Consoling an overtired baby: what you need to know
Parents’ guide to getting an overtired baby to sleep
Overtiredness is that miserable place between tiredness and exhaustion - basically a baby is too tired to fall asleep. Even if they manage to nod off, they wake soon after and struggle to get off again. The more tired the baby is, the harder it becomes to get them to sleep. It’s basically a response to stress hormones and a real catch-22 situation.
When overtired, a newborn will cry for no apparent reason and arch their back and maybe pull up their legs in pain and even sneeze or hiccup. An older child will play up, refuse food, grizzle cry or even scream!
Whilst older children can handle the odd late night, young babies are not able to cope with too much wakefulness between naps or at bedtime - and cannot communicate these feelings so they cry inconsolably.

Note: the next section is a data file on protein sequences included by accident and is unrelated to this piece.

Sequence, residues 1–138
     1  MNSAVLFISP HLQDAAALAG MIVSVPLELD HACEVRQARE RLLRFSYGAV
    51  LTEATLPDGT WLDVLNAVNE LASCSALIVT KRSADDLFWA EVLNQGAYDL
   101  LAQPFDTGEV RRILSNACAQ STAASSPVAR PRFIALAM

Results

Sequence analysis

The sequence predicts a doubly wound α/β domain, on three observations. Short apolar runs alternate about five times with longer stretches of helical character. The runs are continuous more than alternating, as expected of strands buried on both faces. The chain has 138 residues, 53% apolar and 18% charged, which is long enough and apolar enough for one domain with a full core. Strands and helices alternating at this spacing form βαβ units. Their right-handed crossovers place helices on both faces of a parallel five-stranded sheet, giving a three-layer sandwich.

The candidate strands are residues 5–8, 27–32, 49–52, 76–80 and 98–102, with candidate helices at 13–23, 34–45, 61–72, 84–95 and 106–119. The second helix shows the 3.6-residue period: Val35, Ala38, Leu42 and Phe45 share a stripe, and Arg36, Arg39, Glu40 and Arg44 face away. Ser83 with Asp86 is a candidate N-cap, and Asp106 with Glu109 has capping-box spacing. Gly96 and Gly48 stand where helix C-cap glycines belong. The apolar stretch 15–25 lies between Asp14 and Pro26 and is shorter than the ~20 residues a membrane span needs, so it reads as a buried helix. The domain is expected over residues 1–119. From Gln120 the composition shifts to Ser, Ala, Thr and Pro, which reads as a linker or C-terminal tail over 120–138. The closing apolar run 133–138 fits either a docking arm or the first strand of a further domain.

Signs of overtiredness
1. Rubbing eyes, ears, hair or face.
3. Moving away from stimulation or losing interest in a toy or food.
4. Starting off as a whinge but progressing to full-scale crying.
5. Becoming clingy and difficult to put down to sleep.
6. Becoming increasingly difficult to console.
7. Automatic signs beyond their control like sneezing and hiccuping.
Prevention is often better than cure so try to read the signs before the overtiredness kicks in. A newborn can only handle around 45 minutes of wakefulness, while a 6-month-old can manage a couple of hours or so. Watch their nap times, particularly if you are out and about.
When overtiredness does occur, the most important thing you need to do is to calm your baby. Hold, swaddle and feed your baby if it is feed time, sing a lullaby or read a book in a dim lit room. Be prepared for when your baby does go to sleep that they may wake again soon after and need further comfort s the stress hormones created by their overtiredness may still be running high.
For an overtired older child, remove all stimulants including TVs and other screens. Encourage some quiet time and offer comfort like a bedtime story and a cuddle. Keep your voice calm and soothing, no matter how grizzly or woeful they become.